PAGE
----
An important item to review with your broker is the contract you and your client signed. Whether you’re working with a buyer, seller, or renter, you may have signed an agreement or exclusivity contract that can bind you to work with your client. Review all documents carefully to see what your obligations and legal requirements are before taking next steps.
Typically, if both agent and client mutually agree to terminate the contract, you will be able to remove yourself from responsibility and break up with your client. According to US Legal Forms, there are several ways to cancel a seller listing agreement, including property damages, bankruptcy, and time frame expiration.
Either way, you must prepare a termination agreement for both parties to sign before the “breakup” can be official. There are specific state agreements for seller/listing termination and buyer/tenant termination, so make sure you’ve prepared the correct documentation before speaking to your client.
3. Speak to Your Client & Try to Work It Out
If you and your broker have decided the relationship is salvageable, the next step is to speak with your client to see how you can remedy the situation before moving straight to firing them.
Pro tip: If you feel the behavior displayed by your client compromises your safety, you should skip directly to firing your client.
Write down and present detailed reasoning and examples of the behaviors that caused a strain on your relationship to try and work out a solution. Obviously, you want to present these reasons respectfully and remind your client you are all there for the same goal: to sell, buy, or rent their home.
After this conversation, the hope is that you and your client can continue the transaction with an amicable relationship. Unfortunately, unless you have known or worked with your client for a long time, it will be difficult to know how they will react. Have this conversation either face-to-face in a public setting or by phone or video call to avoid any unnecessary confrontation.
4. Write a Client Breakup Letter
If your efforts up until this point do not result in changed behavior, it’s time to officially fire your real estate client. You should take time to construct a formal breakup letter that details the reasons you are terminating the relationship.
Here is an example and free downloadable breakup letter template for firing a client, including what to include and how to construct your letter:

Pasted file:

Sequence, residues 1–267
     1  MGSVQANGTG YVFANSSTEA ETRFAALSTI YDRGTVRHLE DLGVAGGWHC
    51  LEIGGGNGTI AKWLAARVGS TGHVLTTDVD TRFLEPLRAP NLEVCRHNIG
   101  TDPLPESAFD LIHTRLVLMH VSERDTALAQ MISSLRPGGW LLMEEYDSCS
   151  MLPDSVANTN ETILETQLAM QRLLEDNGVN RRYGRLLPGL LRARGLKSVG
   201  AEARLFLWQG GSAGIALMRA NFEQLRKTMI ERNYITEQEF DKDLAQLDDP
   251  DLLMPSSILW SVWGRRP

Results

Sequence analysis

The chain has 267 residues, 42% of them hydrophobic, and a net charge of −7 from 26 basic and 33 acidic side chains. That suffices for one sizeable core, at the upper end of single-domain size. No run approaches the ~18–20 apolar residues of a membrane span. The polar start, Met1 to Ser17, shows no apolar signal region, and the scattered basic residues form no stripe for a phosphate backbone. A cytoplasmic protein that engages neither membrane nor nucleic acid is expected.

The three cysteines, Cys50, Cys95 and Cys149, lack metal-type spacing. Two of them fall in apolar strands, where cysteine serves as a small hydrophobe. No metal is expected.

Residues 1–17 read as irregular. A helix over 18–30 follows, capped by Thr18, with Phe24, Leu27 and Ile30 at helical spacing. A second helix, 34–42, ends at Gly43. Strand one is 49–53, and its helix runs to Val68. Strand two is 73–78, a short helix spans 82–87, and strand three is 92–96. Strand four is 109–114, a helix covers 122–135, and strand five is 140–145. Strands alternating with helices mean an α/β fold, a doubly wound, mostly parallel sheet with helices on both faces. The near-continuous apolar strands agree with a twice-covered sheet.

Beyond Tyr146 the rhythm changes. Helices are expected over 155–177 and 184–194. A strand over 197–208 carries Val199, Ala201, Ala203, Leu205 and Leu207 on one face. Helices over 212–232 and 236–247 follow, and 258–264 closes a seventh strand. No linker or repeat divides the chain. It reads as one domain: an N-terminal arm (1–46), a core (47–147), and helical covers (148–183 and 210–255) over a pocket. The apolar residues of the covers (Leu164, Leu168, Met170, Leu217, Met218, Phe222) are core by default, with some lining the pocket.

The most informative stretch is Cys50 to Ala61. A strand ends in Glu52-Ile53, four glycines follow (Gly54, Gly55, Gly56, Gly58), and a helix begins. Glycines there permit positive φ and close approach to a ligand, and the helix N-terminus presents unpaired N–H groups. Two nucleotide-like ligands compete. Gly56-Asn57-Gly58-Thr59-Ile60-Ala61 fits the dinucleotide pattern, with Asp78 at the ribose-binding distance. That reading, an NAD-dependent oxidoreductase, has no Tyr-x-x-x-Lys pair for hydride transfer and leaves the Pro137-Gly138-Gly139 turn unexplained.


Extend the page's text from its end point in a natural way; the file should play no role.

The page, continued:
Free Client Breakup Letter Template
Although you will be having this conversation in person or over the phone, it’s important to have a formal letter to document your grievances in writing. At the end of an in-person meeting, give a copy of the signed letter to your client. Following a phone or video call, send a copy of your signed letter by mail or email.
5. Schedule a Meeting to Fire Your Client
Like a breakup in a romantic relationship, this is probably the most difficult part of the process because the conversation is a bit uncomfortable, but ultimately must be done before everyone can move on. Ideally, your meeting will occur face-to-face, but depending on the circumstances leading to the breakup or preferences to meet virtually, you may also choose to meet via phone or video call.
Pro tip: If you feel your safety is in jeopardy, you should have this conversation over the phone or ask a colleague to come with you to meet your client in a public place.
Even if you are frustrated, angry, or upset, remember to keep your cool and maintain professionalism. Do not raise your voice or argue, but be firm in expressing your issues and your intention to end the relationship. Use your letter as a script, keep emotion out of your explanation, and state the facts. Hopefully, your client will understand and you can part ways amicably.
In the event you and your client do not see eye to eye, you should speak to your broker about next steps and if you need to involve a lawyer. Your broker will also consult their errors and omissions insurance for protocol.
If a lawyer does need to be involved, you can use your brokerage’s preferred attorney or the expert real estate attorneys at RocketLawyer for legal advice. For a low one-time or monthly fee, they can provide legal documentation and direction to solve your dispute. Even more, you can schedule a free 30-minute consultation to get started.
6. Move On
After you’ve parted ways, you can breathe a sigh of relief and simply move on. It might feel like you missed an opportunity and lost money, but in reality, you saved time and money by firing that client. To be a successful real estate agent, you have to be confident in your expertise and stay away from clients that take away from your personal life and business. Although most clients will be wonderful to work with, there are, unfortunately, always a couple of bad seeds. Keeping the wonderful clients in mind is what makes the job worth it.
For more real estate agent tips to keep your business booming, check out Top 25 New Real Estate Agent Tips From the Pros.